Read what Hannah Duebgen, librettist from Toshio Hosokawa’s Matsukaze, says about Hosokawa’s connection to nature. Re-posted from Talea’s blog from January 2012.
“When I first met Toshio Hosokawa, two things about him struck me immediately: On the one hand his life in two cultures, the Japanese and the Western world, and, along with it, his very modern lifestyle: long distance flights, jet lags and the constant swapping between languages are part of his professional routine, while I also sensed in him a deep affection for nature in general and the Japanese landscape in particular.
Whoever has had the chance to be shown around Japan by him, has seen the joy and devotion with which Toshio points at a wild waterfall, a flower about to blossom or the stone bed in a Japanese garden, begins to understand where the source of his energy and inspiration lies. For Toshio, his profound attachment to nature goes far beyond a mere appreciation of its soothing beauty and recreational value, and is instead fueled by the Buddhist belief that we human beings are all part of a greater whole, a unity that becomes sentient in the nature surrounding us. Just as every breath we take unites us with the air around us, brings oxygen into our bodies which also ensures the life of plants and animals, we thus become, each time we take a breath, part of that greater entity called nature, or even the universe.
This idea of breath as a passageway linking human beings to nature resonates strongly in Toshio’s musical aesthetics. Many of his compositions begin with an ascending sound, rising – like a breath – slowly out of silence into being, then reaching a peak point before returning into silence again. During that process, silence can make itself felt as that which tacitly surrounds us and is gradually inhaled by the rising sound, a sound which gains momentum as it incorporates more and more silence… When talking about his music, Toshio likes to compare the breathing gestures in his works to a calligraphic line that equally arises out of nothing – the blank page – into something, a black brushstroke, before returning into nothing again.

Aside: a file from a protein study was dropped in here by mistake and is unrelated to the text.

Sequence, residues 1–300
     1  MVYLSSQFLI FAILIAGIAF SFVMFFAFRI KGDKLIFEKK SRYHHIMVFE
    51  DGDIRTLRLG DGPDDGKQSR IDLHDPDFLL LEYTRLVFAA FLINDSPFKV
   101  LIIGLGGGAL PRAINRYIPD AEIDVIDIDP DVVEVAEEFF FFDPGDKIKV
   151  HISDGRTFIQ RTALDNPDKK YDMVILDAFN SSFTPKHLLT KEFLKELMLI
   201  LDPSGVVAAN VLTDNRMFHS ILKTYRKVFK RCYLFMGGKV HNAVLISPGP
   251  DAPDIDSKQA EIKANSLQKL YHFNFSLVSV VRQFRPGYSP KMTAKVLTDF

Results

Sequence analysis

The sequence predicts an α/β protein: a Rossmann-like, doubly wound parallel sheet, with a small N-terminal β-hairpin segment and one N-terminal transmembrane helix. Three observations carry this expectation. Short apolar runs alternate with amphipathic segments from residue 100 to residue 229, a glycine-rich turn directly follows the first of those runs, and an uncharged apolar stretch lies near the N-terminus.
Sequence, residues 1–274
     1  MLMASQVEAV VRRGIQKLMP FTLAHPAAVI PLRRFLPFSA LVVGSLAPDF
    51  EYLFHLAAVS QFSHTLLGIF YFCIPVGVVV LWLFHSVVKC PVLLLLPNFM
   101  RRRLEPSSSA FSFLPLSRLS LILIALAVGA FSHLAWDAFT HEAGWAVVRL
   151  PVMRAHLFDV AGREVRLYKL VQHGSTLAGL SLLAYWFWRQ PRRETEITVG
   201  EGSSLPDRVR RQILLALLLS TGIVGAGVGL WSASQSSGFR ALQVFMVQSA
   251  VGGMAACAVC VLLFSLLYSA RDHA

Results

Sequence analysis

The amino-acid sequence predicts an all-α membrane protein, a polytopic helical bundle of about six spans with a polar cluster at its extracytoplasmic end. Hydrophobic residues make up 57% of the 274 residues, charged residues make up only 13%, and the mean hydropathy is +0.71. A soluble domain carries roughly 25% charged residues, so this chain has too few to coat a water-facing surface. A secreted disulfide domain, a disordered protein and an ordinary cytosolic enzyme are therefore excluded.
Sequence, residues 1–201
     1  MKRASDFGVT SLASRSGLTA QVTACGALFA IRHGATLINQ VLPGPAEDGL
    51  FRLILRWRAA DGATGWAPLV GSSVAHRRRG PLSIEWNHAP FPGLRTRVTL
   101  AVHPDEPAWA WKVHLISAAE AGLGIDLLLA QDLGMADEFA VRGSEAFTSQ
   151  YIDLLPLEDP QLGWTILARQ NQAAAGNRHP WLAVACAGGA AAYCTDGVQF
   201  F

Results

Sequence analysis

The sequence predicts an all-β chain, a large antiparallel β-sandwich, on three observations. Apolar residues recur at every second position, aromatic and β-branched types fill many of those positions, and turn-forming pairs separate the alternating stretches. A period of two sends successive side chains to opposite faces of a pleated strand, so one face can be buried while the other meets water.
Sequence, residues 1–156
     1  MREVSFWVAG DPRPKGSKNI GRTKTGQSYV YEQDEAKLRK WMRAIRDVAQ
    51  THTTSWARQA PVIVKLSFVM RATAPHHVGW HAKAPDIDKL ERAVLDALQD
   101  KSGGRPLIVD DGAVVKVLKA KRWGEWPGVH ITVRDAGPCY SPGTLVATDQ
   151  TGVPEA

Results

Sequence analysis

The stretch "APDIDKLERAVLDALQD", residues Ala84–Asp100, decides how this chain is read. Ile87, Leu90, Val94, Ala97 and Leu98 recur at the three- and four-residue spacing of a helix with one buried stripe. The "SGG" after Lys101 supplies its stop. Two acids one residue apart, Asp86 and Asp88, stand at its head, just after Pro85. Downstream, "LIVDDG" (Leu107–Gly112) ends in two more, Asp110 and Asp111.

It is in this sense that most of his works are horizontally conceived and bear a natural, organic flow. They play with classical Western modes of musical progression like contrast, counterpoint or harmonic modulations, and yet never lose those underlying breathing gestures which make Toshio’s music unique. Many of his pieces carry names referring to nature, ‘Landscape I, II, III’ being among the most obvious examples, other works allude to the process of ‘Blossoming’ or ‘Dawn’, and even ‘Matsukaze’ the Japanese title of the opera for which I wrote the libretto, refers to a natural phenomenon: matsu-kaze, which in Japanese can mean ‘wind in the pines’ as well as ‘pining wind’.
In all of his works, Toshio remains a wanderer through cultures, combining traditional Western instruments with his particular, Eastern musical aesthetics. And it may well be that combination which fascinates many listeners – Eastern and Western – in Toshio’s work: His use of music as a way of bringing us back to that which unites us all.”